Hoboken flood wall proposals move inland

This is an archived article and the information in the article may be outdated. Please look at the time stamp on the story to see when it was last updated.

HOBOKEN, N.J. - After receiving hundreds of public complaints about obstructing Hoboken’s waterfront, the city's mayor and a project manager from the New Jersey Department of Environmental Protection announced new options for flood walls in the city today.

“It may be that we are not ready to do something right on the waterfront,” said Mayor Dawn Zimmer of Hoboken.

Two of the unveiled alternatives would build flood walls on Washington Street and 15th Street, as well as along Observer Highway.

The plans drawn up by Dewberry Engineering are apart of Hoboken’s Rebuild by Design project. The city, along with neighboring Weehawken and Jersey City, was awarded a $230 million federal grant from the U.S. Department of Housing and Urban Development. HUD launched a design competition in 2013 to address flood resilience.

The goal is to protect the region from major storm surges, high tides, and heavy rainfall. FEMA currently predicts a 26 percent chance of another Sandy-like storm hitting Hoboken within the next 30 years.

The first option proposed today would run a flood wall down the Hudson River's edge. The wall would begin on the Weehawken waterfront and run onto Hoboken’s 15th Street and down Sinatra Drive. The wall breaks where high ground begins, at 10th Street, and picks up again at 4th Street. It ultimately runs westward on 1st Street, before tracing along Observer Highway. The wall would vary in height, with the peak stretch being as high as 12 feet and as low as 3 feet.

The second option proposed today would allow the wall to stretch as high as 11 feet near Observer highway and Jersey City. According to this plan, the wall would begin on the Weehawken waterfront, before running along 15th Street in Hoboken and down Washington Street. The wall breaks at 13th Street and picks up again at Newark Street. It then runs along Observer Highway towards Jersey City.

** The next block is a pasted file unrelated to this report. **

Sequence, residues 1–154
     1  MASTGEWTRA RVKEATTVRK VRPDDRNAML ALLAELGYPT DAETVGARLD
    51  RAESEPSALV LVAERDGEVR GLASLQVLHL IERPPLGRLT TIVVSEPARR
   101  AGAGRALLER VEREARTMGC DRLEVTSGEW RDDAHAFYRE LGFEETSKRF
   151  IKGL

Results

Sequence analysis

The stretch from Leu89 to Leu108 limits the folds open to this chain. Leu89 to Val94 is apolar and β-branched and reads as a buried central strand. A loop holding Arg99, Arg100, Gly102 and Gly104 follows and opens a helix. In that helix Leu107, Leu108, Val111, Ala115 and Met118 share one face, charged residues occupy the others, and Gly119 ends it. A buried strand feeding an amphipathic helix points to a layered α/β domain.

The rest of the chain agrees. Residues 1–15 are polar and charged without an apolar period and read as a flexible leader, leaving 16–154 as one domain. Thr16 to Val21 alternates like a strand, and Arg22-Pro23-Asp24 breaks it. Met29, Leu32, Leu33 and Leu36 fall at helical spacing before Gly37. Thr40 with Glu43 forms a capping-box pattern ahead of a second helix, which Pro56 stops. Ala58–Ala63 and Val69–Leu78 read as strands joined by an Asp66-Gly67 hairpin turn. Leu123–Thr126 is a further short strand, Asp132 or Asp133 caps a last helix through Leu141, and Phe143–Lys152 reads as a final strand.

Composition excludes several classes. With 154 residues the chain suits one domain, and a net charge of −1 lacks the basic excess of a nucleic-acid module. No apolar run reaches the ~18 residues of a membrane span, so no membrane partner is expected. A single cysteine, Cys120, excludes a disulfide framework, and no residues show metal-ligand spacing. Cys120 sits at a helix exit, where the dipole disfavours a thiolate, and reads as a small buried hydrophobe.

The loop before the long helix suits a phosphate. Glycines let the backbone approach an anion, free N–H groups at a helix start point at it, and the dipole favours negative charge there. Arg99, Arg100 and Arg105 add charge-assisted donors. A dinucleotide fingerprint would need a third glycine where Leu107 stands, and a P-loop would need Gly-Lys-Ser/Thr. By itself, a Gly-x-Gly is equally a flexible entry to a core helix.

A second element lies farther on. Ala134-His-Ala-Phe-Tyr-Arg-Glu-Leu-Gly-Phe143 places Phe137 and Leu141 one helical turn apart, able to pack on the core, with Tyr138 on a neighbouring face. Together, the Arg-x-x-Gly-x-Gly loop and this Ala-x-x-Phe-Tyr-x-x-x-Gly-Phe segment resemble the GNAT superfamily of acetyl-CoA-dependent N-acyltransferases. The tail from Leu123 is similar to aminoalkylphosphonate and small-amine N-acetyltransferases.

The third option is similar to the second, except it involves running a small stretch of the wall down a privately-owned alley near 15th Street. Toll Brothers, developers of the Hudson Tea building and Maxwell Place, owns this alley, according to the Mayor.

The two inland options are expected to cost less and appeal to more people than the waterside wall, but there is one important caveat.

“The inland options will not give the full protection,” said Mayor Zimmer.

The inland walls would protect about 86% of the city, the waterfront walls are projected to protect 98%. Those living east of the walls could still flood if the Hudson River tops it’s banks.

The planned impact on street parking remains unclear. Dewberry, the engineering firm hired for the job, is still actively tweaking these plans.

“Dewberry will take these 3 alternatives and do additional surveying, additional engineering, flood modeling, urban amenity evaluation. Our work has just begun,” said Dennis Reinknecht, the project’s manager for the New Jersey Department of Environmental Protection.

Some of those hit hardest by Superstorm Sandy came out today to support the new proposals.

“Are we gonna keep everybody happy? Probably not. But it has to be addressed,” said John Carey, a longtime Hoboken resident and commander of the Hoboken American Legion Post 107.

The post was inundated by 6 feet of water during Sandy, according to Carey. He says that all was lost, including relics from World War I and II. They almost did not reopen, just shy of their 100th anniversary in Hoboken.

“We have the money to address it. Or at least to try to address some of the problem,” he said, “And we should certainly do that.”

Flood walls are not the only part of the plan to prevent flooding in the Hoboken area.

Other components of the project include building green infrastructure around the city to slow storm water runoff. The city also plans to store storm water in basins and on green roofs, which will slow and capture water. And finally, upgrading sewer systems, outfalls and pumping systems is apart of their approach.

Hoboken is already constructing a new water discharge pump on 11th Street and Sinatra Drive, which is designed to address flash flooding and is scheduled to be completed this year.

Residents and stakeholders have until June 2016 to make a decision on which flood wall plan they prefer.  There have already been numerous public meetings and opportunities for public input.

The next public meeting, which will detail these new options, is scheduled for Thursday night at 6 p.m., at the Wallace School in Hoboken. More information is also available on the project’s website.